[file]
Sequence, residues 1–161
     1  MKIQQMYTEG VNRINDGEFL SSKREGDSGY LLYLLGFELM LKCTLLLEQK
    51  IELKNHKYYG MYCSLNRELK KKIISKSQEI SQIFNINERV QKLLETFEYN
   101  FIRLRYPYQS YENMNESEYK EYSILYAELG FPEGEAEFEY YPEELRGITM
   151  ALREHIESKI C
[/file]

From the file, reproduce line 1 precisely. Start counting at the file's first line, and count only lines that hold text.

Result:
Sequence, residues 1–161